Types of Print Methods for Apparel Explained

When looking to get custom printed apparel, there are several options available.  The option that is best for your project depends on several factors included quantity of garments, the number of colors in your graphic, the type of material the garment is made of, cost, and personal preference.  In this article, I will explain the pros and cons of each print method to help you identify the print method that may be right for you project.  It is always best to consult the print company you are working with to get their expert opinion.  Also, not all print shops are equipped or specialize in every print method explained below.

Screen Printing

Screen printing is the most common form of textile printing and is usually how garments that you see in retail stores are printed.  The print is achieved by creating stencil on a screen and then forcing ink through that stencil and onto the garment.  For every color included in the graphic being printed, a separate stencil or “screen” has to be created.  There are a wide variety of ink types and even specialty inks available which makes screen printing very versatile and it can be used to print on virtually any substrate or fabric type.


  1. Bright, Vivid Colors
  2. Excellent Hand feel
  3. Lower Price on Large Runs
  4. Specialty Inks available (Glitter, Puff, Neon, Reflective, Glow in the Dark, and more)
  5. Can be printed on almost any fabric type
  6. Excellent Wash Durability


  1. Setup Cost
  2. Higher Minimum Order Quantity
  3. Lower resolution for photographic images

DTG (Direct to Garment)

DTG printing uses a commercial ink jet printer to print digitally and directly to the garment.  An ink printer is basically the same technology used in your home or office printer.  DTG can produce full color prints without any setup involved.  The inks however, aren’t as versatile as screen printing inks so DTG has limitation on the fabric types that it can be successfully printed on.  Since it uses CMYK along with white ink, there are limitations to the types of colors it can produce, which neon colors specifically being off limits to DTG.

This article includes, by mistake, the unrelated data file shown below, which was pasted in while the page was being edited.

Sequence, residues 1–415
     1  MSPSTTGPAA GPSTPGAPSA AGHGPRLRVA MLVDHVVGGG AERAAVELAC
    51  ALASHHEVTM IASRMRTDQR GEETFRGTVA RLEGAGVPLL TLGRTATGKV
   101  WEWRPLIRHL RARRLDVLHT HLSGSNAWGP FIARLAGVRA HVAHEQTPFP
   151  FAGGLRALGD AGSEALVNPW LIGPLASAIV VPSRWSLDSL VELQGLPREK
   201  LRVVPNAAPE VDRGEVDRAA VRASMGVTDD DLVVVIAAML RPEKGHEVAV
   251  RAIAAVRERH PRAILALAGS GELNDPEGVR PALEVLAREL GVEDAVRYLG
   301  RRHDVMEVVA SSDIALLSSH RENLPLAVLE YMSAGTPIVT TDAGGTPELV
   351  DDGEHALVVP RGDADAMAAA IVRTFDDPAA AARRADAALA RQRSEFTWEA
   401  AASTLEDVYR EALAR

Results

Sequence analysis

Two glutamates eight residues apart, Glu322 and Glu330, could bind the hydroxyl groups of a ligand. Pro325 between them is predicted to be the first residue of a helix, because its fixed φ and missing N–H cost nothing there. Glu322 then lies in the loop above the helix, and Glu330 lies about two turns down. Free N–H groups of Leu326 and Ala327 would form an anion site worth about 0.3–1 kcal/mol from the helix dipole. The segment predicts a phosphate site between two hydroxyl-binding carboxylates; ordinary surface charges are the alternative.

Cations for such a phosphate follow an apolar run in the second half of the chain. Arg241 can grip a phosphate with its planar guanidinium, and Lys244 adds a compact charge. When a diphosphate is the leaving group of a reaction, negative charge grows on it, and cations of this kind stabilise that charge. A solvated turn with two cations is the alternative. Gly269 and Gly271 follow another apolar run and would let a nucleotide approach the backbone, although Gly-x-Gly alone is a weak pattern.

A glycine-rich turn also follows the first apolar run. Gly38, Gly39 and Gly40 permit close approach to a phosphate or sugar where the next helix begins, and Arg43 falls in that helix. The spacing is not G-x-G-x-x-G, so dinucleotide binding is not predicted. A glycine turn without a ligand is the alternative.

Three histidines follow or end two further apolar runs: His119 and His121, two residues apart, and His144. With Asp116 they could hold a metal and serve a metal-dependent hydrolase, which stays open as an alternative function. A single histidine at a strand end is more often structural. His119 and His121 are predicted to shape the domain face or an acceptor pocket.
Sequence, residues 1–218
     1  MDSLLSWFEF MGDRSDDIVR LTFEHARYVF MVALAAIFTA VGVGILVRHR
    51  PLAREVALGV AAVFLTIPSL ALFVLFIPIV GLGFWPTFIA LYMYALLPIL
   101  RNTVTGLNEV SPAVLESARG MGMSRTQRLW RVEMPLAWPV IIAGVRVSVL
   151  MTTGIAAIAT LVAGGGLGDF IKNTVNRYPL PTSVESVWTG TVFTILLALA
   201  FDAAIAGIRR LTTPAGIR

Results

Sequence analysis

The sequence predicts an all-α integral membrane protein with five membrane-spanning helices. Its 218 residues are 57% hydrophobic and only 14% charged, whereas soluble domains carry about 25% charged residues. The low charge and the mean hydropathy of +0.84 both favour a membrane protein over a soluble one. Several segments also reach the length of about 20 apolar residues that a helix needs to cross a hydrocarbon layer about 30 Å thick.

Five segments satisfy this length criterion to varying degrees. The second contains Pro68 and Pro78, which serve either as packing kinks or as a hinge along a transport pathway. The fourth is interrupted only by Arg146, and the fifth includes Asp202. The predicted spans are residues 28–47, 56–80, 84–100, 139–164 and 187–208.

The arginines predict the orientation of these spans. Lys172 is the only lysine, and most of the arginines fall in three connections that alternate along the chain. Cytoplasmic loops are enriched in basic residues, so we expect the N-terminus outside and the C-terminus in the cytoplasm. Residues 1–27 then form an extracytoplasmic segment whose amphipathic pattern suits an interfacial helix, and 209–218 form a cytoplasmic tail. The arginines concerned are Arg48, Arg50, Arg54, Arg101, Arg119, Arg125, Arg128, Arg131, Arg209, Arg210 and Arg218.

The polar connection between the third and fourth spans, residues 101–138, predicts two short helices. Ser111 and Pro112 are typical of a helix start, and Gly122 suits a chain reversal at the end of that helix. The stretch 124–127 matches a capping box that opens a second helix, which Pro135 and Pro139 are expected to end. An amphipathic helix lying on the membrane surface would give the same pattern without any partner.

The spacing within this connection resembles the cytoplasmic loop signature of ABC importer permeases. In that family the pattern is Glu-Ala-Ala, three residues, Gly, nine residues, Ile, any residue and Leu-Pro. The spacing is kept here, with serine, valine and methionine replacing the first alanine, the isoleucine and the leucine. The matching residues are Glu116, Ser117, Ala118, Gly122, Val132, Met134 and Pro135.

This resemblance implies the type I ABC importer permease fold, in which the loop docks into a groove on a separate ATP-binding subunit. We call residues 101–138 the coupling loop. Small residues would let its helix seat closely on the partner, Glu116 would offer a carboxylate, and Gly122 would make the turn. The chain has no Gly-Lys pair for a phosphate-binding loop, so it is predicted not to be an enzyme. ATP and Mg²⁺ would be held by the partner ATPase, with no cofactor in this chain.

1. Low Minimum Order Quantity
  2. Great for high color counts
  3. Can print high detail (smaller dots)
  4. Works great for photographic images


  1. Colors can look muted compared to Screen Printing
  2. Works best on 100% Ringspun cotton
  3. Only works on a limited amount of material
  4. More expensive than screen printing on medium to large runs generally

DTF (Direct to Film)

DTF printing is similar to DTG in that it uses an ink jet printer; but instead of printing directly to the garment, it prints to a transfer film instead. The ink on the transfer film is then cured and then heat transferred to the garment.  This method has some advantages over DTG.  The main advantage is that it can be applied to almost any fabric type.  The other advantage is that the colors tend to be brighter and more vivid.   


  1. Low Minimum Order Quantity
  2. Great for high color counts
  3. Can print high detail (smaller dots
  4. Works on a wide variety of material
  5. Excellent wash durability


  1. More expensive than screen printing on medium to large runs generally
  2. Print can feel slightly like plastic depending on the graphic


Embroidery is the method of decorating garments using a needle to stich thread into the fabric.  This is most commonly done with an embroidery machine.  In order for the embroidery machine to stich a design, the design first needs to be digitized.  Digitizing is the process of converting artwork into a digital file using a software that allows embroidery machines to understand the needle’s path.


  1. High quality and perceived value
  2. Excellent for hats or small graphics
  3. Embroidered graphics tend to last the life of the garment; they don’t crack or fade


  1. Cost prohibited for large graphics
  2. Digitizing fee required to convert graphic
  3. Usually more expensive than other print methods

HTV (Heat Transfer Vinyl)

Heat transfer vinyl uses a plotter to “cut” the design or pattern into a thin sheet of vinyl attached to a carrier sheet.  The excess vinyl is then removed or “weeded” from the carrier sheet and you are left with the graphic.  The graphic is then heat transferred onto the garment.  This is great of doing numbers or names on athletic jersey where customization is required.  The weeding process is labor intensive so this method of printing is best for small runs.


  1. Low minimum order quantity
  2. Great for adding custom names and numbers to athletic jerseys


  1. Only feasible for low color count graphics; single color is usually best
  2. Expensive for medium to large runs compared to screen printing.
  3. Print can feel slightly like plastic depending on the graphic.
  4. Only works for simple spot color graphics.

Final Thoughts

There are many print methods available for garment printing.  Let our experts at Birdhouse Printshop help you choose the best method for your next project today!

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